Broken Pieces

Broken Pieces

My favorite mug broke this morning.

I sighed, picked up the broken pieces, and dumped them all in the trash.

After all, I don’t need this particular mug.

We have plenty of mugs—too many, probably, since the breakage was a result of another mug toppling from where it had been precariously stacked.

But it is my favorite. The one that everyone else in the household knows not to use, because it’s mine. Its weight and shape are just right for my hands. It holds my coffee’s temperature for the right amount of time. And it evokes cherished memories of the context in which it was given to me as a gift.

So, for a little while I moped about the loss of this mug, already discarded with the trash.

And then I thought, wait. It was just the handle that broke off. It probably can be glued back together. (Duh.) Why was I so quick to dump the pieces in the trash?

So, I’ve retrieved them, and I will put them back together. Not all is lost.

As a metaphor, this experience is decidedly unsubtle. But it sure made an impression on me today.

Where else am I at risk of carelessly discarding that which is easily reparable?

With love,


  1. Rebecca Reese

    Indeed! What a great question for all of us to keep in mind!
    I hope you continue to enjoy your repaired mug,

  2. Joy Woelfer

    Wonderful. I too broke my favorite, and it was just the handle so I set it aside until I could get to it. In the meantime I was reminded of the Japanese fixing and valuing broken things, and I decided I would fix it by putting golden dust/small pieces in the glue when I do it. Can’t do it right now, but I will get to it.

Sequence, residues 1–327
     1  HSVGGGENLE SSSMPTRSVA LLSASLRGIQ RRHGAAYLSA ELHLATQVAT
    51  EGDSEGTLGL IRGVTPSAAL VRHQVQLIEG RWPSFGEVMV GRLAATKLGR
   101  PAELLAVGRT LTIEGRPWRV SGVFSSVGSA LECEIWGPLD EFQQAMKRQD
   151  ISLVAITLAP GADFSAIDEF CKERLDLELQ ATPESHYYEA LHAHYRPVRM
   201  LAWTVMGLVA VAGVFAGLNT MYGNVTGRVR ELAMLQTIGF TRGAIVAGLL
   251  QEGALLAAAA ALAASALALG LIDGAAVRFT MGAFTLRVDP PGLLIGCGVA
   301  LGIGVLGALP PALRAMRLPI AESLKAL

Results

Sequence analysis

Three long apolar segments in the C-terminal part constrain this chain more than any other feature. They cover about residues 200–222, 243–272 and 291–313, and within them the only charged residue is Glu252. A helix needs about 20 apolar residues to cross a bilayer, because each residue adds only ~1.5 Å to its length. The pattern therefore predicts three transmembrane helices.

3. Linda Adcox-Kimmel

    Reminded me of my favorite mug which I broke and glued back together. Great metaphor. 🥰

  4. Kathy Parker

    Paige — This is a worthwhile message for all of us! I too have dropped mugs that were given to me as gifts — or my purchase of them had a special meaning for me. In at least two cases (like yours), the handle was broken off, and even after using super glue to put the handle back on, I worried that it was no longer safe to hold the mended mug filled with hot coffee. In one case, the mug became a pencil holder, in a color that matches my kitchen! In another case, the mug holds tea bags! I am thankful I still have these special mugs in my life — symbolic of memories I value to this day. Thanks for telling us about your broken mug. Good luck with “fixing” it. 🙂

  5. Stephen McGovern

    Beautiful lesson. Reminded me of an Ajahn Chah teaching recounted by Jack Kornfield. Perhaps a different take on the “broken cup”

    One day my teacher Ajahn Chah held up a beautiful tea cup, “To me this cup is already broken. Because I know its fate, I can enjoy it fully here and now. And when it’s gone, it’s gone.” When we understand the truth of uncertainty, we become free.

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